Joshua 24

Joshua's Farewell Address


And Joshua gathered all the tribes of Israel to Shechem (Joshua 24:1).

Joshua’s choice of Shechem as a gathering place for his final address to the Israelites is an interesting one, since by that time the tabernacle was located at Shiloh (Josh 18:1). However, Shechem had been visited by Abraham (Gen 12:6) and Jacob (Gen 33:18) and would be the burial place of the bones of Joseph (Josh 24:32). Shechem was also the location of some of Joshua’s first activities in the Promised Land, including the construction of an altar and the rehearsal of the covenant (Josh 8:30-34).

The Euphrates

Your fathers dwelled long ago beyond the River (Joshua 24:2).

Abraham and his clan came from Mesopotamia. Regardless of whether Abraham came from Ur in southern Mesopotamia or another site named Ur in the north, he would have had to cross the Euphrates River in order to continue on to the land of Canaan. The photo of the Euphrates shown here is from near the city of Birecik, along the upper reaches of the river in Turkey. As can be seen from the width of the river, it would have posed a formidable barrier to travel.


And I sent the hornet before you, which drove them out from before you (Joshua 24:12).

The word rendered here as “hornet” occurs four times in the Bible. Once it appears to mean “terror, distress” (Gen 41:21), but the other times it may refer to hornets or wasps. Hornets are a subspecies of wasps, very similar in appearance to the yellowjackets shown in this photo. God had promised to drive out the Canaanites ahead of the Israelites using these insects (Exod 23:28, Deut 7:20), a non-lethal method of emptying the land for His people. Although there is no description of this happening, Joshua confirms here that God did in fact employ this tactic.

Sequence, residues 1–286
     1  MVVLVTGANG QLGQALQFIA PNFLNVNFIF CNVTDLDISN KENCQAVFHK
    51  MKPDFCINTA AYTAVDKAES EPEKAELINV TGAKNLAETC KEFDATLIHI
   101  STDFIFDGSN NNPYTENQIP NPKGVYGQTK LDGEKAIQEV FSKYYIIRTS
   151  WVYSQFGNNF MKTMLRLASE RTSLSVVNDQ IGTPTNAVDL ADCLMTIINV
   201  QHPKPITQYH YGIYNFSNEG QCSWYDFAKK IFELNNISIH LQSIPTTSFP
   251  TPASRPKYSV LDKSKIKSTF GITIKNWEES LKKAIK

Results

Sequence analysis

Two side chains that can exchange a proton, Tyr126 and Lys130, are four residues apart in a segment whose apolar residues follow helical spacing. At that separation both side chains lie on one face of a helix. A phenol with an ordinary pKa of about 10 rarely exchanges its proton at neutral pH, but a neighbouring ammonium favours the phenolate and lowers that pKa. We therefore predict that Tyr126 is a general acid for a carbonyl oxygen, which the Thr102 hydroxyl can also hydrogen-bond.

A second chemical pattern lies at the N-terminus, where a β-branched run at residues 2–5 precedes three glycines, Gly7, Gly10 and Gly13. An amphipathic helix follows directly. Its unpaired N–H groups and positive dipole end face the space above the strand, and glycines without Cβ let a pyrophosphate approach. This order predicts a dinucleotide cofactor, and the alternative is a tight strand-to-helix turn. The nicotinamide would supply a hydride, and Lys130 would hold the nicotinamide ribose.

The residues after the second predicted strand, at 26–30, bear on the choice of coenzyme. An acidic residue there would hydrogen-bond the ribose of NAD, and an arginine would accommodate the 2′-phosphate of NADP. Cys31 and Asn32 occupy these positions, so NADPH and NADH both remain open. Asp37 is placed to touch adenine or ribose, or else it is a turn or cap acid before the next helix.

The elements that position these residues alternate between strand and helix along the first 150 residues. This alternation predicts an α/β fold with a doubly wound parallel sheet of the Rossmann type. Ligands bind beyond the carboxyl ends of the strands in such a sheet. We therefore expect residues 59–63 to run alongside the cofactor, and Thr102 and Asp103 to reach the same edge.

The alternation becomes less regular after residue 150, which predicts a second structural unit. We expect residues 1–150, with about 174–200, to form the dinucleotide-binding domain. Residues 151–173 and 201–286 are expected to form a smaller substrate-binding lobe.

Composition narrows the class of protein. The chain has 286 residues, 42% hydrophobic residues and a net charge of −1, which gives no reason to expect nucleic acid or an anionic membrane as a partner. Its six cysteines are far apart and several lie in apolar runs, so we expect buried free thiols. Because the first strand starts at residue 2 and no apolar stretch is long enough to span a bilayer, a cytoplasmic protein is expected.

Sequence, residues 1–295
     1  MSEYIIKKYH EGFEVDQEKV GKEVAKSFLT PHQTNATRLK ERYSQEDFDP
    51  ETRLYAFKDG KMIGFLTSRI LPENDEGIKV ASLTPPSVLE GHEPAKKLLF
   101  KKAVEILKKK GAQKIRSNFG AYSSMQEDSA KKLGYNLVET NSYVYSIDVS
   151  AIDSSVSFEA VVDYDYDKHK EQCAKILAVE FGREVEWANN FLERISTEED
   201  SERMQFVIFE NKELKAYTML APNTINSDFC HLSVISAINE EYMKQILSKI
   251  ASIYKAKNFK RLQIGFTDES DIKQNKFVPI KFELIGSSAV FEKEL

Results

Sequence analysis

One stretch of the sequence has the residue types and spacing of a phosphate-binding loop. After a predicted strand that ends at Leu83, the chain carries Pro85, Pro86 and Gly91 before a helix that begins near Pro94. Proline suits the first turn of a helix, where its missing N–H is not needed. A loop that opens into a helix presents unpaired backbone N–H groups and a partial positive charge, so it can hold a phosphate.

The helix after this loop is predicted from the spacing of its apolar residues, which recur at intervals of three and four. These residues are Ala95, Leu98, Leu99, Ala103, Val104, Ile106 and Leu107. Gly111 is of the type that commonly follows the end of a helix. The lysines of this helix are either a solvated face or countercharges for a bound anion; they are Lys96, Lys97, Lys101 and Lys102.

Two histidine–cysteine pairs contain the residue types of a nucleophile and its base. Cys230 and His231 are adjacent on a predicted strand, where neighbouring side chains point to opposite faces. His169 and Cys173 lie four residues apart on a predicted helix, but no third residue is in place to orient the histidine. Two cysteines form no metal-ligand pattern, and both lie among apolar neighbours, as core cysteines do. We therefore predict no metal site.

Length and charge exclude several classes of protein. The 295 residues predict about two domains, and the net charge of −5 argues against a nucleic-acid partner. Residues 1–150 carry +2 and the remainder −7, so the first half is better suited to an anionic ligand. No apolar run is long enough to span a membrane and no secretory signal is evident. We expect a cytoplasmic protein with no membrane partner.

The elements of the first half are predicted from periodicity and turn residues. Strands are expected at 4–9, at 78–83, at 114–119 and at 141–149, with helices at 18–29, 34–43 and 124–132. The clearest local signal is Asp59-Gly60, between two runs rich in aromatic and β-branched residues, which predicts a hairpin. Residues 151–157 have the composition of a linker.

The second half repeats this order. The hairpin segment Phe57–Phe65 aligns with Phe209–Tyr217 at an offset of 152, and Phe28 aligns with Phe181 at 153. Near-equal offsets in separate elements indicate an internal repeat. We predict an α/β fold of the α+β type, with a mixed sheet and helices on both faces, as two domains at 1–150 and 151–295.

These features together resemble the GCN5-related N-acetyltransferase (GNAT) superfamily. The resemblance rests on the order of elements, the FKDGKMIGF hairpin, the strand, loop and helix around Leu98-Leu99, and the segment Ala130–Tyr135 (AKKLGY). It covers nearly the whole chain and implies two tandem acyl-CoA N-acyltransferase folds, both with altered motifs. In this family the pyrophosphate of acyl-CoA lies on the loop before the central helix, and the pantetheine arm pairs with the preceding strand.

Conquering King

Yahweh drove out from before us all the peoples, even the Amorites who lived in the land (Joshua 24:18).

It was commonplace for the kings of Egypt to depict themselves driving out their enemies, as does Merneptah in this carved relief. In the case of the Israelites, it was Yahweh who truly did this for His people, accomplishing what many foreign kings only boasted of doing. Incidentally, Merneptah is perhaps best known for an inscription he left at Thebes that constitutes one of the earliest references to the people of Israel.

Sanctuary at Shechem

He took a great stone and set it up there under the oak that was by the sanctuary (Joshua 24:26).

This photo shows the remains of a very large building in ancient Shechem. It is identified as a fortified temple and often referred to as the Temple of Baal Berith because of the name given to a similar structure at Shechem during the Judges period (Judg 9:4). This temple is a candidate for the “sanctuary” mentioned in this verse, based on the archaeological excavations that have been undertaken so far.


Joshua the son of Nun, the servant of Yahweh, died, being a hundred and ten years old. They buried him in the land of his inheritance in Timnath-serah (Joshua 24:29-30).

Identified today with Khirbet Tibnah, Timnath-serah is located 14 miles (24 km) southwest of Shechem. The site was given to Joshua as his inheritance after the land had been divided among the twelve tribes. Originally settled in the Middle Bronze Age II, Timnath-serah was rebuilt in Iron Age I and was a fairly large village at that time. It continued to be occupied throughout the rest of antiquity, even in the Early Arab and medieval periods. Today the site is rather remote and few people ever visit.

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